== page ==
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Table of Contents
Updates, FAQs & Errata
to order online.
Tamar E. Granor,
ISBN: 978 393 713 3058
Length: 242 pages
Formats Available: Printed (incl. ebook) or Ebook only
Printed book format: Paperback, 7"x9"
Ebook format: PDF (5 MB)
Price : Contact dfpug.de
Weight: 2.0 lbs.
Weight: 1.1 lbs.
Press date: June, 2010
Printed book availability: Contact dfpug.de
Ebook availability: Complete &Contact dfpug.de
Source code: Contact dfpug.de
What is this book about? What is Sedna? What is Service Pack 2?
When Microsoft released Visual FoxPro 9.0 at the end of 2004, they began
asking the Fox community what enhancements would warrant development of a
VFP 10. In particular, they were looking for so-called "back of the box" features,
things that would be selling points for a new version.
Although a few big ideas were floated (especially breaking the 2GB limit for
table files), it rapidly became apparent that VFP 9 was a mature product. With its
major renovation to the Report Designer and even more open architecture than
earlier versions, VFP 9 contained the tools needed to develop powerful desktop
applications, as well as front-end and middle-tier objects for enterprise applications
using a back-end server.
On the other hand, looking forward, it was clear that there was a need for more
interoperability with .NET and other technologies. So in June, 2005, Microsoft
posted a roadmap for Visual FoxPro. It announced a project code-named Sedna,
focused primarily on interoperability. Sedna was proposed to comprise add-ons to the
core product, things that wouldn't require changes to VFP.EXE. At the time, it was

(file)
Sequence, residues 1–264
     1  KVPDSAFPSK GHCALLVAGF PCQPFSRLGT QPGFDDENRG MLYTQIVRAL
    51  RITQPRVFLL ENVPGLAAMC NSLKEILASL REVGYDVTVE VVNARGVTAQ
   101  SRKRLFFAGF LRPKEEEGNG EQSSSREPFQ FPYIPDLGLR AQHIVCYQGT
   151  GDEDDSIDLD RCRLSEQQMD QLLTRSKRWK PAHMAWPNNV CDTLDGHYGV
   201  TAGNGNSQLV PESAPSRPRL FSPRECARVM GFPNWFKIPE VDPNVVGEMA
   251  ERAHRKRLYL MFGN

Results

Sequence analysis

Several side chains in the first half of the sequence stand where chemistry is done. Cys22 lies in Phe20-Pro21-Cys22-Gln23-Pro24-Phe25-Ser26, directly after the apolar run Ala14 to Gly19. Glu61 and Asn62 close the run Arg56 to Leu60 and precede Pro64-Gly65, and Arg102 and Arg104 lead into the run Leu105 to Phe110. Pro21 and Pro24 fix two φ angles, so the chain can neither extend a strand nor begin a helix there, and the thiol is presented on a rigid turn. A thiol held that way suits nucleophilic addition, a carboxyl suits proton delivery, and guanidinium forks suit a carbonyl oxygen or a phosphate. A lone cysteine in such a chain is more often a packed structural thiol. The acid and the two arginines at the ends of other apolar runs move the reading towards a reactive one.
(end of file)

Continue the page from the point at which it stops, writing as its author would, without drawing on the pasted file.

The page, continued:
unclear whether Sedna would become VFP 9.1, VFP 9.5, VFP 10, or something else
entirely, as well as whether it would be free or for sale.
Following Microsoft's current model, the Sedna components were made available
to the community as they were being developed, through a series of Community
Technology Previews (CTPs).
In December, 2005, Service Pack 1 for VFP 9 was released; it contained a number
of bug fixes, as well as updates to some of the Xbase tools that come with VFP.
In March, 2007, Microsoft announced that Sedna, together with another Service
Pack, would constitute the final release for VFP. The Sedna components would be
released as open source, and placed on CodePlex, the community development site
for Microsoft products.
Service Pack 2 was released in October, 2007; Sedna took a few more months
to complete and was released in January, 2008. Both are available as free downloads
from Microsoft's VFP website (http://msdn.microsoft.com/vfoxpro). The Sedna
download includes the source code for its components. Updated versions can be
downloaded from the VFPX project at CodePlex